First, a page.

We IRI/Nielsen analysts love nothing better than digging through piles of data. But when it comes to communicating our insights through PowerPoint or similar programs, less is more.
To increase the odds of management and customers remembering and following your recommendations, you need to keep charts simple and clear. I’ve developed three rules for creating persuasive charts:
- Limit each chart to one key point. Remove any data that doesn’t relate to that one point.
- Use high contrast colors and large font sizes for key pieces of information.
- Remove or de-emphasize all other graphic elements. That means no fancy effects, no background colors, no animations and no 3D!
To illustrate, I’ll make over this chart I’ve pulled from my files:
This chart has great information. But it’s packed with visual distractions. That makes it hard to take in its message at a glance. And one glance might be all you’ll get!
Below, I’ve made over the same chart using my three rules for creating persuasive charts:
And here’s how I did it, organized by rule:
1. Limit Each Chart to One Key Point
I started by including my key point in the title of the chart. Rather than “Organic Penetration by Category,” I changed it to “Organic products have captured significant dollar share in fruits and vegetables, with fresh cut salads category particularly well developed.” This title makes the conclusion clear.
I removed categories with repetitive data points. The original chart had nine categories; I’ve reduced it to seven. My chart still illustrates the range of results but requires less reading and has fewer distractions. If it’s important to include data points for all categories, put them in another chart or an appendix.
I also changed the order of categories. The order seemed entirely random before. Now categories are arranged by data value, from highest to lowest.
One thing I didn’t remove was documentation of the data, such as source, time period and geography/market. All charts should include this information. It’s not enough to provide it only at the beginning of a presentation. It may seem repetitive to put it on every chart, but you never know a single chart will be pulled out of the presentation and become separated from this critical information.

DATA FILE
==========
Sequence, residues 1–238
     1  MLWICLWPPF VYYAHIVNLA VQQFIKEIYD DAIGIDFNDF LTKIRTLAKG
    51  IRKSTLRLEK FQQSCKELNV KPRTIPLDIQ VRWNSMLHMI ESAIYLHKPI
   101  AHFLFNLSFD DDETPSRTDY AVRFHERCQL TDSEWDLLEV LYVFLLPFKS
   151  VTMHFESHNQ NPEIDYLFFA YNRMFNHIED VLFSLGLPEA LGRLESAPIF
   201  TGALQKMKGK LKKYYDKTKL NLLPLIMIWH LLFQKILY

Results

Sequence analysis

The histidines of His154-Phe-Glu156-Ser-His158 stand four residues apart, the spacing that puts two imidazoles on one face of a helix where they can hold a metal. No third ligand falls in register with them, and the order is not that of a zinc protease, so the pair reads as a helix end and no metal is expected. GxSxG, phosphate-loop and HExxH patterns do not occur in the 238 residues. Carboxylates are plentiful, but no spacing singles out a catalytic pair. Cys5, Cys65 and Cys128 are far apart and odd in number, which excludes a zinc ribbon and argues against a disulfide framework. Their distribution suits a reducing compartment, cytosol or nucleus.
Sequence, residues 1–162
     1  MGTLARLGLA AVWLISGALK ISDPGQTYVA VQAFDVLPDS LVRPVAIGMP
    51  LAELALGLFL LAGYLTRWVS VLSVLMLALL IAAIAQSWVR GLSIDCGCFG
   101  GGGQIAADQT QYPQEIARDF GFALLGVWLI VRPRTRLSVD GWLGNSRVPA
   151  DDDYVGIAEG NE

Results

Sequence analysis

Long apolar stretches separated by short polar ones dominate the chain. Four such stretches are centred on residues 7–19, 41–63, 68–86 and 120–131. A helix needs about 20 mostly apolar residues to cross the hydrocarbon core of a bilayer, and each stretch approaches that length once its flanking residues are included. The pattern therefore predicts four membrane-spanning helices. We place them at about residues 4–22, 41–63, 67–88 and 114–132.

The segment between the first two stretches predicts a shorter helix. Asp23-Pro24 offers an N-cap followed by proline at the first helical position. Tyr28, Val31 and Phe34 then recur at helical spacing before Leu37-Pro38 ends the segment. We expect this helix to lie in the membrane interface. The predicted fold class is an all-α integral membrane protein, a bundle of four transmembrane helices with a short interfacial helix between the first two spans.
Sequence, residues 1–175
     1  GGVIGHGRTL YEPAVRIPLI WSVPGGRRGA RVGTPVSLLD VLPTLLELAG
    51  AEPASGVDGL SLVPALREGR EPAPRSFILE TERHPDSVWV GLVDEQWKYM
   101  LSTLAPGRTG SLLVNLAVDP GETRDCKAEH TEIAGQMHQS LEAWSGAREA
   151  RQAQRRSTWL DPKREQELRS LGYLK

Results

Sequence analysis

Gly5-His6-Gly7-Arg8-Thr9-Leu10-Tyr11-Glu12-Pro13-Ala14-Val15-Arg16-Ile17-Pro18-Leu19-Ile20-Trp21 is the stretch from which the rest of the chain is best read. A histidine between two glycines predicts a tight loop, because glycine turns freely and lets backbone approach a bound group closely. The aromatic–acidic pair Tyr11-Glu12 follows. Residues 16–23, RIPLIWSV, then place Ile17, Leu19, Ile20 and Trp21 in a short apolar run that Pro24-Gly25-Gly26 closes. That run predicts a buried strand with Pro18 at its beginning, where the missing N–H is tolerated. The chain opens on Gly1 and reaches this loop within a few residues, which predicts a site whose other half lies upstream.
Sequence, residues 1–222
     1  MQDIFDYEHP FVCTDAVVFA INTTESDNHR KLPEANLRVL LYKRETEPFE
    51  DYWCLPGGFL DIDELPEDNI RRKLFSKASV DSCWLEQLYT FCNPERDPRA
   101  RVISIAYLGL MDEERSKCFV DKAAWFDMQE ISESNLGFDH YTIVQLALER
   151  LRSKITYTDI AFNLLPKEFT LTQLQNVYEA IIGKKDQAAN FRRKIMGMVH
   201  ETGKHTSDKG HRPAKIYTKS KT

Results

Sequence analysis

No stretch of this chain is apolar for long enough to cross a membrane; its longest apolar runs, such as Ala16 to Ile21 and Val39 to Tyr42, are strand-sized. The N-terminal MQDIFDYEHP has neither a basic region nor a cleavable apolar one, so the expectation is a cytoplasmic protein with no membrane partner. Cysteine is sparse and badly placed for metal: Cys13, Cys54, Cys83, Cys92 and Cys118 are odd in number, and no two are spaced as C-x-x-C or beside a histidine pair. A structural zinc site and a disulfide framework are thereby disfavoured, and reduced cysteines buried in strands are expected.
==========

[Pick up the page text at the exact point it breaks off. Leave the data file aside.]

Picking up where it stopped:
2. Use High Contrast Colors and Large Font Size
I picked a higher contrast color for the dashed line showing the average results. This line conveys valuable information and deserves more emphasis than in the original chart.
The font sizes were good in the original chart. However, I did opt to reduce the font size on the bar labels so I could change them from slanted to horizontal alignment. Horizontally aligned text is easier to read than slanted and worth a slightly reduction in font size.
3. Remove or Deemphasize All Other Graphical Elements
I changed all bar colors to blue. This is less visually overwhelming, and no information is lost.
I removed the gridlines. Gridlines tend to be overused. They’re often visually distracting and serve no real purpose. When I do use them, I make them a very light gray.
I removed the y-axis labels. Data values are displayed above each bar, so the y-axis labels add nothing except, again, potential visual distraction.
Another change I made (unrelated to my three rules) was to remove the word “penetration” from the chart. “Penetration” has a specific meaning in the context of syndicated data: % of Households Buying. That’s not what’s meant here. How do I know? If this was % of Household Buying, the overall food value would not be lower than some of the categories. Instead, I think this chart is showing what % of each category is contributed by organic items. And it’s probably based in dollars since that’s the typical cross-category measurement. So in my y-axis title, “Organics Share (%) of Category Dollars,” I make clear the data measure used. And instead of “penetration”, I use the word “share” in my title.
My three rules for convincing charts are simple but not always easy to follow. You need to consciously step back from your chart and ask, “What data or design elements can I take away while still making my point?” The more you strip out, the clearer your point.
If you’re intrigued by this topic, dashboard design and visualization expert Stephen Few’s website (www.perceptualedge.com) is a great resource. He also provides examples of chart makeovers. His book, Show Me the Numbers: Designing Tables and Graphs to Enlighten, is a classic.
Want to see more chart makeovers? Send me one of your charts and I’ll consider using it in a future post.
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